So, what can businesses do to reduce the impact of a breach? 

First, consider using a hybrid cloud approach. While most organizations use the cloud for data storage and business processes, 45% of all data breaches happen in the cloud. But not all cloud strategies are created equally. Breaches in the public cloud cost significantly more than those in a hybrid cloud. A hybrid cloud approach means that some data and processes are in a public cloud, and some are in a private cloud environment. Surprisingly, using a hybrid cloud approach is even better than a private cloud. 

A hybrid cloud approach is more secure than using a private cloud-only strategy for a few reasons: 

hybrid cloud better for cybersecurity

  1. Diversification: With a hybrid cloud approach, companies can diversify their cloud strategy by using both private and public clouds. This reduces the risk of relying on a single cloud provider or a single type of infrastructure, which can be vulnerable to cyber-attacks. 


  1. Better control: In a hybrid cloud environment, companies have more control over where their data and applications are stored and how they’re accessed. This allows them to apply different security policies to different types of data, depending on the level of sensitivity.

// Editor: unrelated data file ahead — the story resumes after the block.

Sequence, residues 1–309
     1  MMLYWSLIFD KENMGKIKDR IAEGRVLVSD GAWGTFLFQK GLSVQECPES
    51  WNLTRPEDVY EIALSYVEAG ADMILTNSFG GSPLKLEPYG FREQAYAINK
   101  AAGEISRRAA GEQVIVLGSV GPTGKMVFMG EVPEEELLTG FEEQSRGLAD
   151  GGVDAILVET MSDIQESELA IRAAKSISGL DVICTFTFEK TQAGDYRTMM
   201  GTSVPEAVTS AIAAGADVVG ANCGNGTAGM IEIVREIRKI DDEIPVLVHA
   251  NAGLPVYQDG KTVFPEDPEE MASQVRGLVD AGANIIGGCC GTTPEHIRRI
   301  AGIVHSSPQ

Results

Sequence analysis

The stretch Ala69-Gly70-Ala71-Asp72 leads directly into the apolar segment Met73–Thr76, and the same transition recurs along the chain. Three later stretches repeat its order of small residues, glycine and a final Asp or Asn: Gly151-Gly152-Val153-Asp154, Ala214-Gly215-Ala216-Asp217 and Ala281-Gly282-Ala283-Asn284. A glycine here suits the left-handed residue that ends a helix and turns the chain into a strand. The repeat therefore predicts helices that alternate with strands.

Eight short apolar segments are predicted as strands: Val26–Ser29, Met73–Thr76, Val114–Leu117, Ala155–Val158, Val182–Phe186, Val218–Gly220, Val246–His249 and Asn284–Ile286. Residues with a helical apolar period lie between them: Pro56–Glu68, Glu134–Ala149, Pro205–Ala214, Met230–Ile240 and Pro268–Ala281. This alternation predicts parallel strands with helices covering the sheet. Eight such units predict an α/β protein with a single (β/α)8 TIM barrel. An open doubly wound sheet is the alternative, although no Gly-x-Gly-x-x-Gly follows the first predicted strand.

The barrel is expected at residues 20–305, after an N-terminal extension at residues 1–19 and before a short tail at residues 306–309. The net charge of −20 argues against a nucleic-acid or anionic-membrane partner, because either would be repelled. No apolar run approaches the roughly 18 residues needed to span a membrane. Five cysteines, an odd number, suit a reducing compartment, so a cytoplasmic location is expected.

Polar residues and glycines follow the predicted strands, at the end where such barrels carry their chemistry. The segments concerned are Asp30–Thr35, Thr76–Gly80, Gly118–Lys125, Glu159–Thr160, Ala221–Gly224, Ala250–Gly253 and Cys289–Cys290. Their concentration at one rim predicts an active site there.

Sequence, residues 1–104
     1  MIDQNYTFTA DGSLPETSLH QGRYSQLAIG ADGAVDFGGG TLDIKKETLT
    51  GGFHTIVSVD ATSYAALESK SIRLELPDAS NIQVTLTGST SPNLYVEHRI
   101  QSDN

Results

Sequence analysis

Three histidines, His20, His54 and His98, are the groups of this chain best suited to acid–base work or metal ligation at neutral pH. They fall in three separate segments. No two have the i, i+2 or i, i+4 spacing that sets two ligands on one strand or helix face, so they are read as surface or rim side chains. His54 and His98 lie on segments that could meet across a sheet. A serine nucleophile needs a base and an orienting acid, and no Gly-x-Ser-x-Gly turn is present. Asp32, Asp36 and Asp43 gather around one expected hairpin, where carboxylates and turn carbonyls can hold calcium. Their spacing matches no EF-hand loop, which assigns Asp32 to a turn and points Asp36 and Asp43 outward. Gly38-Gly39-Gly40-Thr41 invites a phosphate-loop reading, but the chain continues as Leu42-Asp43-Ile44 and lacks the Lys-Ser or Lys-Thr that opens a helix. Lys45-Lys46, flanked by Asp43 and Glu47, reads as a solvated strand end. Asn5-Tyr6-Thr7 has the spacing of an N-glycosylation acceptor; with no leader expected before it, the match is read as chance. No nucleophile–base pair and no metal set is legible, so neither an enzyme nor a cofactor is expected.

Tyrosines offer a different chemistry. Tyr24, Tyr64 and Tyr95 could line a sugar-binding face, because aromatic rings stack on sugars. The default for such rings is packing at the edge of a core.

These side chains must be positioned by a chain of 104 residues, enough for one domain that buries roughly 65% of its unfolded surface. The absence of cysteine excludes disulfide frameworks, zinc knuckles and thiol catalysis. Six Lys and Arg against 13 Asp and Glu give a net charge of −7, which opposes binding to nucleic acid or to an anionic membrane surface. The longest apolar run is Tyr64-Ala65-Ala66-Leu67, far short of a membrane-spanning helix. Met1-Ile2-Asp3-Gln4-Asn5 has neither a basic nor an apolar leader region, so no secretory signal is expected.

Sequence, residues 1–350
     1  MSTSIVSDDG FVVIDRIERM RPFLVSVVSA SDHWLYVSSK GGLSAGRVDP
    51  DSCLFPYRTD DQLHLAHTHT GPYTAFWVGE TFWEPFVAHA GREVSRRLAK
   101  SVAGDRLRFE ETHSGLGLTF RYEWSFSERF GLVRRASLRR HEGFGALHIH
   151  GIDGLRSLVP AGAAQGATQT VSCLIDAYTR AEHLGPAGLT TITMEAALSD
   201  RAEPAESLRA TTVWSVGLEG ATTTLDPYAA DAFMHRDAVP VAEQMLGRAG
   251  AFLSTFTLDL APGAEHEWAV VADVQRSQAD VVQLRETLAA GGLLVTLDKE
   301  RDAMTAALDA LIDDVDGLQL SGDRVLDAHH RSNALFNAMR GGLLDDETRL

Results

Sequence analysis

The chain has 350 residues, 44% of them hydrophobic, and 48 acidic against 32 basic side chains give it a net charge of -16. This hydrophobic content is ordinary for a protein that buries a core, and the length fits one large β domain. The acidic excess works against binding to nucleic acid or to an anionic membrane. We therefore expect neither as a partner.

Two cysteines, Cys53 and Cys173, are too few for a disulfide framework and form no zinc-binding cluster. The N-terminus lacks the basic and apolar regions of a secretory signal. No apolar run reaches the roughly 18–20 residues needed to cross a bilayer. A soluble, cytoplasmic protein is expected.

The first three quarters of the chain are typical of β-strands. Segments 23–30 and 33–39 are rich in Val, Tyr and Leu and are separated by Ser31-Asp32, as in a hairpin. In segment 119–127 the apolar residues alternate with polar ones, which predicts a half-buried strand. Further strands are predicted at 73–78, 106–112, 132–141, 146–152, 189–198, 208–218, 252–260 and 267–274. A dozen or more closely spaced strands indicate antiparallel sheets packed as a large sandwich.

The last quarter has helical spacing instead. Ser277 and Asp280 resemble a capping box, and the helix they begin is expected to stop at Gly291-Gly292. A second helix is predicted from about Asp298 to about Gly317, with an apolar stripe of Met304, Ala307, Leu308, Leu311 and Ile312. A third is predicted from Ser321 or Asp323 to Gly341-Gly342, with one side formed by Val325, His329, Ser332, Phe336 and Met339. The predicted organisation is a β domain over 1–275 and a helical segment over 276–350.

1. Cost-effective: A hybrid cloud strategy can be more cost-effective than using a private cloud-only approach. Companies can use public cloud resources for non-sensitive data, while keeping sensitive data in a private cloud environment. This helps to reduce the overall cost of cloud storage and processing. 


  1. Flexibility: A hybrid cloud approach allows companies to have the flexibility to move data and applications between public and private clouds as needed. This can help to ensure that the right data is stored in the right place at the right time, without sacrificing security. 


Overall, a hybrid cloud approach provides a more comprehensive and secure cloud strategy by leveraging the strengths of both public and private clouds while minimizing their weaknesses. 


security policy procedures

Second, put in place an incident response plan and practice it. You don’t need to be a large enterprise to create an incident response plan. It’s simply a set of instructions for employees to follow should any number of cybersecurity incidents occur. Having a practiced incident response plan can reduce the cost of a data breach by an average of $2.66 million per incident.  

If you aren’t sure where to begin there are many templates online that will get you a starting point to work with.  Otherwise finding a good Managed IT Services provider or a managed security service provider (MSSP) such as AlphaCIS in your area to help create these policies and work with your team in order to put them in place and administer to your employees.  Administering the policies and actually having the employees read and follow these is typically best done with cyber security training.  What we do with our clients is to first administer cyber security training, or phishing training, so that everyone understands the importance of these policies.  We make sure all employees pass the training, then we send out the policy and cyber security documents.